The raucous Heinz Field crowd turned quietly anxious after that lightning-bolt score against the NFL's best defense. But then, on came Santonio Holmes.
He fielded a booming Mike Scifres punt midway through the opening quarter at the Steelers' 33, made one cut to avoid the first rush, another to get outside and a final leap over a defender to run 67 yards for a touchdown that tied the score and breathed life back into the crowd and, if they'll admit it, his teammates.
"It was great; it sparked this team," Holmes said. "The crowd was behind us 100 percent from then on. It was the play that we needed ??? after that our team just rallied behind [it] and put it to them."
Other than a failed fake punt that led to a San Diego field goal, it was all Steelers from that punt return until the middle of the fourth quarter.
The Steelers lined up to punt with a little more than five minutes to go in the first half from their 48, a yard short of a first down. Instead of punting, they snapped it directly to Ryan Clark, lined up as a blocking back. The play, the first fake punt in Tomlin's two seasons as coach, lost 4 yards and the Chargers took over at the Steelers' 44.
They drove 20 yards and Nate Kaeding kicked a 42-yard field goal with 1:56 left in the half to give San Diego a 10-7 lead.
"I was going to be aggressive," Tomlin explained. "I want our football team to know that I have a great deal of belief in them and that we are not going to play scared, we are going to play to win."
That belief manifested itself in a barrage of Steelers points.
Parker scored on a 3-yard touchdown run with 40 seconds left in the half to give the Steelers a 14-10 lead. They drove 66 yards on seven plays to take their first lead of the game. Before Parker scored on a toss to the left, Hines Ward caught a 41-yard pass that carried to the San Diego 3.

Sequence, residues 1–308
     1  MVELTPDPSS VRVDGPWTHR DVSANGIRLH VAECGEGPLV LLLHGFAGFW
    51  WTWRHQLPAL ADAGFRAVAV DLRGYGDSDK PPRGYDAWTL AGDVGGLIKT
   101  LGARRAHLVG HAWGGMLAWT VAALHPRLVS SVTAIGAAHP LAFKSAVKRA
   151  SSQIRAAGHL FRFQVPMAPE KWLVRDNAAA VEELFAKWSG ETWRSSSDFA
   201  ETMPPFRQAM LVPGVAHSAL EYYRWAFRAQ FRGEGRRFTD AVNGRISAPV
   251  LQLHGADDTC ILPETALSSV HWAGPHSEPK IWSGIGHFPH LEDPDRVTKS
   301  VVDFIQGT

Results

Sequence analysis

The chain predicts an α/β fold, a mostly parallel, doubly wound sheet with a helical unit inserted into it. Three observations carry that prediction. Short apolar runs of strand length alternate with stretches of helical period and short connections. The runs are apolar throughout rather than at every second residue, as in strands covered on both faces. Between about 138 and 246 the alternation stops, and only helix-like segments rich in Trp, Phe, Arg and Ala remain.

Their next drive of the game, at the start of the second half, produced another touchdown. Behind Parker the Steelers ground out 77 yards on 13 plays. Miller caught Roethlisberger's 8-yard pass for a touchdown that put the Steelers in front, 21-10.
The only time San Diego had the ball in the third quarter, besides returning kickoffs, came after Sproles returned a kickoff 63 yards to the Steelers' 23. On first down, Keisel tipped Rivers' pass and Foote intercepted at the 21.
The Steelers added another touchdown on Gary Russell's 1-yard run early in the fourth quarter for a 28-10 lead. The touchdown came one play after San Diego free safety Eric Weddle was called for a 44-yard pass interference penalty while trying to cover Nate Washington.
San Diego pulled to within 28-17 when Rivers threw a 4-yard touchdown pass to Legedu Naanee with 9:09 left, capping a 73-yard, 10-play drive.
But the Steelers responded with another scoring drive of 73 yards with Parker putting the exclamation point on his first 100-yard playoff game with a 16-yard touchdown run with 4:11 left.
Now another AFC championship game comes to Pittsburgh. The Steelers lost two previous games at Heinz Field to the Patriots after the 2001 and '04 seasons. They also lost two out of three title games in Three Rivers Stadium in the 1990s.
As Tomlin said yesterday, though, "This is the story of the 2008 Pittsburgh Steelers."
They, not history, will get to write their own ending.